The “Fiscal Cliff” and the American Taxpayer Relief Act of 2012

Source: Mindy R. Levit, Margot L. Crandall-Hollick, Jim Hahn, Jim Monke, Janemarie Mulvey, Julie M. Whittaker, Congressional Research Service, CRS Report for Congress, R42884, January 4, 2013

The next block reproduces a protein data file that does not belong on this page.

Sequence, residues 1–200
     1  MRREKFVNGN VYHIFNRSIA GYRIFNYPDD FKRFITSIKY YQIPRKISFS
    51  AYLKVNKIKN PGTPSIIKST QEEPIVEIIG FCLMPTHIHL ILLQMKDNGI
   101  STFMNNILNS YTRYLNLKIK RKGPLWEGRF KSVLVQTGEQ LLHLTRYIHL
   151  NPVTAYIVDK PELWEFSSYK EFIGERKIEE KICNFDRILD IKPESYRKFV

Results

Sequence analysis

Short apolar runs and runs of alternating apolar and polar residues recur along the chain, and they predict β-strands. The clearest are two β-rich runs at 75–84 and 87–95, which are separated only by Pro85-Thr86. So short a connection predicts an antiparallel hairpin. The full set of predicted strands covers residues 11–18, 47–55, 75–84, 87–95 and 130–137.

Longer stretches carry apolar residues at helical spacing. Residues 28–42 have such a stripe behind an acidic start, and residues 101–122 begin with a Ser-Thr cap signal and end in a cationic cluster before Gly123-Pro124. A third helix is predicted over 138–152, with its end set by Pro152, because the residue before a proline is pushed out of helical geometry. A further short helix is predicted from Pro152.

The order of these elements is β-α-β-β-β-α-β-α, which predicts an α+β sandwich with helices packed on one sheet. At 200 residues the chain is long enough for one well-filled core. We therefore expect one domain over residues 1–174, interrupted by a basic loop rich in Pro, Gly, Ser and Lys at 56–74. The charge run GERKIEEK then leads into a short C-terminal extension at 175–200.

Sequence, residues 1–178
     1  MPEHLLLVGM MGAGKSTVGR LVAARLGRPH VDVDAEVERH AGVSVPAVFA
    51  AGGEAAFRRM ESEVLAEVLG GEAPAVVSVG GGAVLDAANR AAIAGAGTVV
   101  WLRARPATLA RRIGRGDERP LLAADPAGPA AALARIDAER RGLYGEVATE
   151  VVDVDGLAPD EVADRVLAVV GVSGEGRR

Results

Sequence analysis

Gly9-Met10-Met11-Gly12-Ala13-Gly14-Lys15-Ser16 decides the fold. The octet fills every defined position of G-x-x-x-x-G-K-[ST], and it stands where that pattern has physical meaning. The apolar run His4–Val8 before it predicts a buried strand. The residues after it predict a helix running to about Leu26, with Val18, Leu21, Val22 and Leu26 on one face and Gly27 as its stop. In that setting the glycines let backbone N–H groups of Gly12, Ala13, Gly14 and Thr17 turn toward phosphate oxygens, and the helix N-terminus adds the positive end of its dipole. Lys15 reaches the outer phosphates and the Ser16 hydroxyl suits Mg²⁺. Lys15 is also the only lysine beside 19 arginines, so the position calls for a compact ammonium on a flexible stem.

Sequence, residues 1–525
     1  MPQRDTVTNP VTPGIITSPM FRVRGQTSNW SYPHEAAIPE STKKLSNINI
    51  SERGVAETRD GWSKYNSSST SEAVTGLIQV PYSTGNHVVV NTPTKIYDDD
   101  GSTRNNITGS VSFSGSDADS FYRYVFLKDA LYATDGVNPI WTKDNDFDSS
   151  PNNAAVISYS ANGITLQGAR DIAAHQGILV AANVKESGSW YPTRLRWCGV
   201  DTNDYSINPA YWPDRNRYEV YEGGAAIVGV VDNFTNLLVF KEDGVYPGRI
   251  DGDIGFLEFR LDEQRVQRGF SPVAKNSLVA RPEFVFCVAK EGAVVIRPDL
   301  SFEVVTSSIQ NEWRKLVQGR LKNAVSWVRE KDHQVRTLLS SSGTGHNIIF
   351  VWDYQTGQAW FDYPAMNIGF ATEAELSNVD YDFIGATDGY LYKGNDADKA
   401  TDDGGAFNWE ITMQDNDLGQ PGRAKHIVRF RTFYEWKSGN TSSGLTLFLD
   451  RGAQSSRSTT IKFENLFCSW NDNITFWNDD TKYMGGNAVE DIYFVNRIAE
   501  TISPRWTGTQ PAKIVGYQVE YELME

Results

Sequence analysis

The federal budget deficit has exceeded $1 trillion in each of the last four fiscal years (FY2009-FY2012). Concern over these large deficits, as well as the long-term trajectory of the federal budget, resulted in significant debate during the 112th Congress over how to achieve meaningful deficit reduction and how to implement a plan to stabilize the federal debt. Numerous expiring provisions, across-the-board spending cuts, and other short-term considerations having a major budgetary impact, were scheduled to take effect at the very end of 2012 or in early 2013. This combination of policies, estimated by CBO to reduce the deficit by $502 billion between FY2012 and FY2013, was referred to by some as the “fiscal cliff.” Had these policies taken effect, CBO projected that the economy would have returned to recession in FY2013….Despite the enactment of ATRA, many policy issues affecting the federal budget remain unresolved. Specifically, in early 2013, Congress will likely consider a debt limit increase, additional actions related to the postponed BCA automatic spending reductions, and appropriations for the final six months of FY2013. Finally, long-term fiscal sustainability issues remain unresolved….